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Project Barrel Aging – When in doubt, age something in a barrel

And so we are …

… aging something again, that is.

In case you have forgotten we have had a little experience barrel aging things – recently the topic of our aged Negroni came up while imbibing with close friends and we began to toy with the idea of finding a little barrel and working some new magic.

This time around we think that we’ve learned a lesson not well understood during our last adventure.  In our prior go, we approached things more by mixing up drinks we liked and aging and failed to understand a key concept behind the entire aging process — age un-aged spirits and together with certain ingredients like say, an aromatized wine, experience a transformation of the drink’s taste profile.

For our newest adventure, we are aging drinks that use un-aged or very lightly aged spirits.  Having acquired our little barrel from Woodinville, P1000380we first aged for a full six weeks, two bottles of their White Dog spirit.  The angels definitely took their share, a near three-quarters of a bottle’s worth. We have really enjoyed sipping on this young spirit which exhibits a wonderful candy-like sweetness and a strong grain profile. A great sipping spirit.

Next up, back to favorite aged drink … the Negroni.  Beefeater gin, Dolin Rouge and Campari mixed up and filled to the rim of the barrel and then we waited and waited and waited. We started small taste testings of the mixture around the 3 week mark and pulled out at approximately six weeks — it tasted great and frankly, we could not wait any longer.  I love this drink — its velvety texture and wonderfully complex sweetness is offset by the twinge of bitterness.  The bitterness works perfectly well here in a subtle, foundation like way.  Perfection in a sipping glass!

So what to do next?  A bit of a departure for us, we opted to try an aged Old Fashioned of sorts.  We went back to the recipes available on the Woodinville site and decided to try their Aged Maple Old Fashioned.  Our only real difference vs. the offered recipe on the website was that we subbed in a slightly less expensive white whiskey in lieu of the Woodinville White Dog … Ole Smoky Original Moonshine.  Having “sampled” it a few times and given its higher proof and lower price point, we threw a Hail Mary and waited to see what developed after aging in our little wood P1000382vessel.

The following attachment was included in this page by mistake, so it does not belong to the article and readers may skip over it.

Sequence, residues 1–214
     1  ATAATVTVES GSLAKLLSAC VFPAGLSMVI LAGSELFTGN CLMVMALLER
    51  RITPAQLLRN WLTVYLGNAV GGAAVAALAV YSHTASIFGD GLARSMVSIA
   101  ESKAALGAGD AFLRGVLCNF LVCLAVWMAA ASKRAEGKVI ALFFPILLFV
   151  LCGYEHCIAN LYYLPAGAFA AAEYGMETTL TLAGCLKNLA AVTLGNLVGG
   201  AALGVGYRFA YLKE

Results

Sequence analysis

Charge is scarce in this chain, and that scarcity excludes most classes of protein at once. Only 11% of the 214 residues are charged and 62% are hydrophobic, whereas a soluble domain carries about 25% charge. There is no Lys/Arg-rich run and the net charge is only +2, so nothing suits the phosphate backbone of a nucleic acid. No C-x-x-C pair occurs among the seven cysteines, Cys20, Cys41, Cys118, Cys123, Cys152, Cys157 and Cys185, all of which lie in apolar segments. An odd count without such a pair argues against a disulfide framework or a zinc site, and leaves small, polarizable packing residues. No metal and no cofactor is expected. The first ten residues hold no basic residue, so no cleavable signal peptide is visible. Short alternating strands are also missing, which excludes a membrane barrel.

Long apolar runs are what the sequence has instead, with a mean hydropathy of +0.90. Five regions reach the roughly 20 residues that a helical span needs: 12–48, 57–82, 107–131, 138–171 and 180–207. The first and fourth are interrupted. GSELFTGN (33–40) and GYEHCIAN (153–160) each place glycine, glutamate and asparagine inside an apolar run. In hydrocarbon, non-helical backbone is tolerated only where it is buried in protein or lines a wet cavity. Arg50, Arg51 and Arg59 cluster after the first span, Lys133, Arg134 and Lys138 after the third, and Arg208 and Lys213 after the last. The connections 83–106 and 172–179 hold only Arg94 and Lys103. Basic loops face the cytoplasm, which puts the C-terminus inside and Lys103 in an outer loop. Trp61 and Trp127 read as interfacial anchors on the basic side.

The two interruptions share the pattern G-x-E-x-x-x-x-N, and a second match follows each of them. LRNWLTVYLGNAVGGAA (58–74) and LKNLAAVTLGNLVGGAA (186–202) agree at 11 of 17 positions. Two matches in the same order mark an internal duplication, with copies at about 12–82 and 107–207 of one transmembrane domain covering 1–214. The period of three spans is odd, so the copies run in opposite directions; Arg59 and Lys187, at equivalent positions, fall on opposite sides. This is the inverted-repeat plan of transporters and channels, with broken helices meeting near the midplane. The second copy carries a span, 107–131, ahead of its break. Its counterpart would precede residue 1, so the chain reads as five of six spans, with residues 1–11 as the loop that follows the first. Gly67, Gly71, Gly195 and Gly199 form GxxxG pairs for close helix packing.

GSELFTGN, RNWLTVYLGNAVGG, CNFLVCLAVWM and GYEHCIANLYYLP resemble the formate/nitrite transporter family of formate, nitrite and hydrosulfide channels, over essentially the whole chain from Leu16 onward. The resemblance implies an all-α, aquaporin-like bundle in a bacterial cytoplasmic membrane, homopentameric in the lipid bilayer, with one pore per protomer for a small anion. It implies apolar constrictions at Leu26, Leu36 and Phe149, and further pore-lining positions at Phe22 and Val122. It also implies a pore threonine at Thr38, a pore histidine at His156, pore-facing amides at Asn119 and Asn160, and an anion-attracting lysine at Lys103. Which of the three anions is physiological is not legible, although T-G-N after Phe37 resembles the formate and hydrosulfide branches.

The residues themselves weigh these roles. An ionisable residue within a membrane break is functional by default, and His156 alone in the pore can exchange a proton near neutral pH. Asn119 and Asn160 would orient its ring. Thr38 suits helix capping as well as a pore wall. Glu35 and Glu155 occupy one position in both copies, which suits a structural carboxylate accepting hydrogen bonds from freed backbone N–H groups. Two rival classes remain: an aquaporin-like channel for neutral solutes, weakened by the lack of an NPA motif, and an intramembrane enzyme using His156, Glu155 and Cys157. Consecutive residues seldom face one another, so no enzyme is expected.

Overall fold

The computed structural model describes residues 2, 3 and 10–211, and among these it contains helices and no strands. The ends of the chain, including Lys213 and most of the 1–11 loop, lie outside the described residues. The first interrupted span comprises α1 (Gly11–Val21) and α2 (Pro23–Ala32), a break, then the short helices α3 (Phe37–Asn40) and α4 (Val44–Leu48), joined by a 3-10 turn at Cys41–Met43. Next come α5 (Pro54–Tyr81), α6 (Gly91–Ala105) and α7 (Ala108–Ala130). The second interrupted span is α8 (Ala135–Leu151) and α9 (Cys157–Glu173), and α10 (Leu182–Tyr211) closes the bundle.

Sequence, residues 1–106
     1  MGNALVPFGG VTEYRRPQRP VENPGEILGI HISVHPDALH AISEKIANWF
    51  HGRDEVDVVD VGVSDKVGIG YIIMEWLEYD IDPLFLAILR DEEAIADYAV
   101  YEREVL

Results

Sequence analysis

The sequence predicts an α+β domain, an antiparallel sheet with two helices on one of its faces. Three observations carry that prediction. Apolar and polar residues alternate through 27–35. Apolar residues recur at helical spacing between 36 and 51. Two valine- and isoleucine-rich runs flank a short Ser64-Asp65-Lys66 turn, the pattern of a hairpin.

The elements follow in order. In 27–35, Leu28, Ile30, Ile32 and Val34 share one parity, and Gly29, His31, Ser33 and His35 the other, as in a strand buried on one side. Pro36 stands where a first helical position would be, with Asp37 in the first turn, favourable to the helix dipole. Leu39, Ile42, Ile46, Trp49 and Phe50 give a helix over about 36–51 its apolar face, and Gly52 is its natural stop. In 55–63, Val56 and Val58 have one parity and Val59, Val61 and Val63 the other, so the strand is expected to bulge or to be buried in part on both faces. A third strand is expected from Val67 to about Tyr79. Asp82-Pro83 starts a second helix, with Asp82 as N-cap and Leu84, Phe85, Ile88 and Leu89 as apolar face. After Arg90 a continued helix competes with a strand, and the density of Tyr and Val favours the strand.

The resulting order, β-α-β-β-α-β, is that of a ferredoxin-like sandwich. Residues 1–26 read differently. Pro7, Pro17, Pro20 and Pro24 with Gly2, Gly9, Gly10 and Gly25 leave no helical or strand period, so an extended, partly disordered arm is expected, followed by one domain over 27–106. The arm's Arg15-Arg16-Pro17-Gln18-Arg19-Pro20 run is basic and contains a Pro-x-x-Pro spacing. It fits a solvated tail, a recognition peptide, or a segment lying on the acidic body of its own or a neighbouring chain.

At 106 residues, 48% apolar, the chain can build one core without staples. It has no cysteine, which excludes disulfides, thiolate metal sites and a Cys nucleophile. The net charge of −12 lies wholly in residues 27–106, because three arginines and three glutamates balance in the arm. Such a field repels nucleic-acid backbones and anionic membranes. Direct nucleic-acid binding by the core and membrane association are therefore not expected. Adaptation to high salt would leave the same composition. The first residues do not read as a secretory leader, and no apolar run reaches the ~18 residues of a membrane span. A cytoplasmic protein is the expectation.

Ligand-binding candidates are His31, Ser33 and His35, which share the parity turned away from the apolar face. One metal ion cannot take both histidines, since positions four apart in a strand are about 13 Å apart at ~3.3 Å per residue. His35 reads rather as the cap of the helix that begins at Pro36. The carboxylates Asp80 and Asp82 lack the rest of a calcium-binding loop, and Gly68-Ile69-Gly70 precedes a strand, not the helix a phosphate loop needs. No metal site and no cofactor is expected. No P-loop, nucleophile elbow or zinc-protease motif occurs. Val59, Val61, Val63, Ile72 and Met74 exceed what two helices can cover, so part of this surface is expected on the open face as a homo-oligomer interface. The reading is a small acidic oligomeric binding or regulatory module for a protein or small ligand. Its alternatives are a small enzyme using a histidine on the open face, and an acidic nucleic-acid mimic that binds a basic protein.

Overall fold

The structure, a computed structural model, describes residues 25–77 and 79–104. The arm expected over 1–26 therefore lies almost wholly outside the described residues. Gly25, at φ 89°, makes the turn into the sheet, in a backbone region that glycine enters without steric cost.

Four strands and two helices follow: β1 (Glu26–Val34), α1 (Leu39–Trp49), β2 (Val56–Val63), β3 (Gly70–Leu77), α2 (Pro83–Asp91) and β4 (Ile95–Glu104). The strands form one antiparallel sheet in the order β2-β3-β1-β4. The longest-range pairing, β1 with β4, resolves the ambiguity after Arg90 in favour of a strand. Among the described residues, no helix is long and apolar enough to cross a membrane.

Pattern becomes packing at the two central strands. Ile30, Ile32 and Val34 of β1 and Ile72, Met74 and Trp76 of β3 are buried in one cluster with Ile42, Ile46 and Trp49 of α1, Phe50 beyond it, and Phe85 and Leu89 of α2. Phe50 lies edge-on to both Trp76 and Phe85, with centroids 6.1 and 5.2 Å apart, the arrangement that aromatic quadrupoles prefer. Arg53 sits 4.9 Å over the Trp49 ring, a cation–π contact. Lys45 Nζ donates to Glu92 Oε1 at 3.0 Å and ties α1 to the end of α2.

When the aging was completed, again, approximately six weeks after filling the barrel, we removed the contents and prepped for a full review.  Measuring out 3 ounces of the aged mixture, we stirred with ice and strained into a cocktail glass containing a large cubed ice cube and garnished with orange and lemon twists.  The color is quite nice, giving hues of amber and bronze color with a lovely rich consistency. I am quick to note that this is a bit sweeter than our normal, preferred Old Fashioned variation.  However, the spirit ages nicely in the barrel and as you sip tends to soften the sweetness of the mixture.  The bitters need more of a punch and we’ll likely add in an extra hit when mixing up.

Aged Maple Old Fashioned
Recipe sourced from the Woodinville Whiskey Company website (barrel aged cocktail recipes) and slightly adapted by theSpeakista

•    4 1/2 cups white whiskey (Ole Smoky Original Moonshine was used)
•    1 cup maple syrup
•    2 oz Angostura bitters
Tools: primed whiskey barrel of your choosing

Assembly: Mixed all ingredients together first before pouring into the primed barrel.  Said a little prayer to the aging Gods and waited we did.  

Well … a little aging has gone a long way, for us.  We are opting to keep our little aging project going, stretching the barrel’s use to good use and we will see if future posts are warranted.

Next up … a few items that have caught our interest … revisiting a favorite drink and setting out to explore the “Golden Ratio.”

See you back real soon!

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